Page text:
Any state that has laws authorizing universal jurisdiction could conceivably bring a case against Israeli soldiers or officials responsible for prosecuting the latest Gaza assault.  Yet the record on accountability for alleged war crimes is dismal.

The most famous case was opened in Spain against Avi Dichter, a former director of the Shin Bet who ordered an Israeli airstrike on the home of Hamas member Saleh Shehadeh in Gaza. The attack killed Shehadeh, his wife and daughter and a number of other civilians living nearby. The Palestinian Center for Human Rights filed charges of crimes against humanity against Dichter in Spain, and a judge decided to open a case in 2009. But later that year, the case was closed.

The Center for Constitutional Rights had filed a case against Dichter in the U.S. for the same attack, but a court of appeals declined to continue hearing the case, deferring to the wishes of the executive branch.

And for many years, Israeli officials feared traveling to the United Kingdom since under British law, citizens can file universal jurisdiction cases against foreigners visiting. In 2005, former Israeli military official Doron Almog fled from Britain after flying there. British security officials were reportedly waiting for him at the airport to arrest him, but Almog never crossed British border control.

After intensive lobbying by Israeli officials, Britain changed their universal jurisdiction laws in 2011, though Haaretz reported the next year that Israeli officials still feared traveling to the UK for fear of being ensnared in the legal system.

3. The International Court of Justice

The ICJ is the official judicial body of the United Nations. The ability to refer cases to the ICJ, though, is limited. The main path is for both states to agree to submit a case to the court. A decision in these types of cases would be binding. In the case of the Palestinians, this is highly unlikely. Israel and the Palestinians are not about to agree to send disputes to an international court.

Another path is to have the United Nations General Assembly, at the request of the Palestinians, refer a case to the court through a vote. This would be a non-binding, advisory decision, much like the 2004 ICJ verdict that Israel’s West Bank separation barrier and settlements were illegal under international law.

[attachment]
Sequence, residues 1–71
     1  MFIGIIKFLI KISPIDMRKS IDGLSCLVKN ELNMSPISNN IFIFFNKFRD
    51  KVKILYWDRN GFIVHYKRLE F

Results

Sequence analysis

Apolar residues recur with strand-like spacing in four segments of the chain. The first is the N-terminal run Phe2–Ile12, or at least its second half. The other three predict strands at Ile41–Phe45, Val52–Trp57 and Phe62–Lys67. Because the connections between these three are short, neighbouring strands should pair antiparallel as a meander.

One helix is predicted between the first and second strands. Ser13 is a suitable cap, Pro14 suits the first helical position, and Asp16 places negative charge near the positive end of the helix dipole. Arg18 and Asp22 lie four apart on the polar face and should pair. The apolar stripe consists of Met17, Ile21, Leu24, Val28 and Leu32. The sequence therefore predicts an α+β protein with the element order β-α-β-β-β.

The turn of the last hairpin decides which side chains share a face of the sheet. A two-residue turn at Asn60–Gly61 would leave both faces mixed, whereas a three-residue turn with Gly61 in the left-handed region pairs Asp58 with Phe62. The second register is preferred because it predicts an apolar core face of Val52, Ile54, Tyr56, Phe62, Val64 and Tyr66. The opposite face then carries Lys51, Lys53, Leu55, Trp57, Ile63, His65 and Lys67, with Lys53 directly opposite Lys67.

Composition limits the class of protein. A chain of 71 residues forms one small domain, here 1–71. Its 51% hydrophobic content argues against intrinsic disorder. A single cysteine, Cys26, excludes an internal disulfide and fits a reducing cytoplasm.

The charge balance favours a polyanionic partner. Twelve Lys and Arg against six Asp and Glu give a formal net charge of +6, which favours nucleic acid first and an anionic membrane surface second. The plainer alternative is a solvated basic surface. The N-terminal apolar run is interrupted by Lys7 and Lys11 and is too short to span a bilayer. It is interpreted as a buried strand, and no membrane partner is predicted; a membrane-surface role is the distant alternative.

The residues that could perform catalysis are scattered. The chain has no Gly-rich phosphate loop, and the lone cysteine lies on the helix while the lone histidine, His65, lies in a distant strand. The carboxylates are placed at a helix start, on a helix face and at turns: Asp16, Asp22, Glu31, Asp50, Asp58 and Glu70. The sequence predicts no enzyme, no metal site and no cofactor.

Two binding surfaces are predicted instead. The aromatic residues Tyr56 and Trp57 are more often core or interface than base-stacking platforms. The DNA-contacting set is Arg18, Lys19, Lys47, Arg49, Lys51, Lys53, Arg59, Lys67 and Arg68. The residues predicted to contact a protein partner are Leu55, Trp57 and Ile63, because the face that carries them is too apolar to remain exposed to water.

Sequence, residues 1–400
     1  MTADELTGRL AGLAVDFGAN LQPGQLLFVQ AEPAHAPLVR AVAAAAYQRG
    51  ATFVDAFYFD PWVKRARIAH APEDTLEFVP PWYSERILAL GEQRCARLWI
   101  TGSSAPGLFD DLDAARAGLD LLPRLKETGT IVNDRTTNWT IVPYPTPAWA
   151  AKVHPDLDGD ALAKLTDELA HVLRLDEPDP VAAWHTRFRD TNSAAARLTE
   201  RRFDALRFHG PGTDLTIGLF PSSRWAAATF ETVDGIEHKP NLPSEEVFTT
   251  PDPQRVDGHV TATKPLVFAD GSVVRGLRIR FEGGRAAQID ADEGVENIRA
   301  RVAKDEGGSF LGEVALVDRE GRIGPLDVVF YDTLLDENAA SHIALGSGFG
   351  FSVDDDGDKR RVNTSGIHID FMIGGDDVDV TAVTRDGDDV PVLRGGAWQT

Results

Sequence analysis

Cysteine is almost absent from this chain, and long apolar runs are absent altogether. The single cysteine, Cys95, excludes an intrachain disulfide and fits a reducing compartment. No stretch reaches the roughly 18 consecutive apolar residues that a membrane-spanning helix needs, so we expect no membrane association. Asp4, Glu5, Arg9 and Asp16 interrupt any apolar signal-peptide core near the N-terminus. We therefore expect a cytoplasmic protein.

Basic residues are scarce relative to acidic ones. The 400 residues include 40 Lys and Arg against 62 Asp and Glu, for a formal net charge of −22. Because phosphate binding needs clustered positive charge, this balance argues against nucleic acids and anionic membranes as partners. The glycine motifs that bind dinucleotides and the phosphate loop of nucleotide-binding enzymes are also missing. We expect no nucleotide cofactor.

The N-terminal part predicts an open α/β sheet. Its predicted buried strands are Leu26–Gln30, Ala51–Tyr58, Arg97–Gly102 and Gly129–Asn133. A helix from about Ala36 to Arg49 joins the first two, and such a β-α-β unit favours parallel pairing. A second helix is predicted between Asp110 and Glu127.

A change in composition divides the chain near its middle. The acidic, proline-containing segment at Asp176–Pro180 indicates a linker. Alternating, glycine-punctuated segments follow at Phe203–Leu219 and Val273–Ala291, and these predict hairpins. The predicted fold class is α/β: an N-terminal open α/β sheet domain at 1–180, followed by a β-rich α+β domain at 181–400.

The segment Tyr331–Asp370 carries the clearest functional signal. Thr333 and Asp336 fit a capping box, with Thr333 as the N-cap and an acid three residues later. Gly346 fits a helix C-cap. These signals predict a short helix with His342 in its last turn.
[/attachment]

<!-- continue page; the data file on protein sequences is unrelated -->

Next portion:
Alex Kane

Alex Kane is a freelance journalist who focuses on Israel/Palestine and civil liberties. Follow him on Twitter @alexbkane.

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43 Responses

  1. just on September 8, 2014, 3:01 pm

    I feel like crying.

    Based on what you are reporting, the Palestinians have got to sign the Rome Statute.

    We have to appeal to our own government (the Executive) in order to change its practice of vetoing anything wrt Israel.

    It’s got to be done.

  2. HarryLaw on September 8, 2014, 3:54 pm

    Alex mentioned Doron Almog, his case is instructive, Almog arrived at Heath row airport, earlier Daniel Machova [Solicitor] had taken out a private summons to have the General arrested on war crimes charges, Almog was tipped off and refused to leave the Israeli plane. The UK police could have boarded the plane or stopped it taking off, instead the police commander fearing an armed confrontation with air marshals or Almog’s security team allowed the plane to return to Israel. Later the UK Foreign Secretary Jack Straw apologized to the Israeli government Now of course the UK has changed its rules on Universal Jurisdiction

  3. jon s on September 8, 2014, 3:56 pm

    As Alex Kane mentions in passing, if the Palestinians sign the Rome Statute, it will open the way for investigations into Hamas’ crimes: the rocket and mortar fire directed at our civilian population (every single launch – a crime in itself); the criminal use of schools, mosques, hospitals and residential areas as launch sites, depots, command-and-control centers and so forth; the use of their civilians as human shields; summary executions of their own people…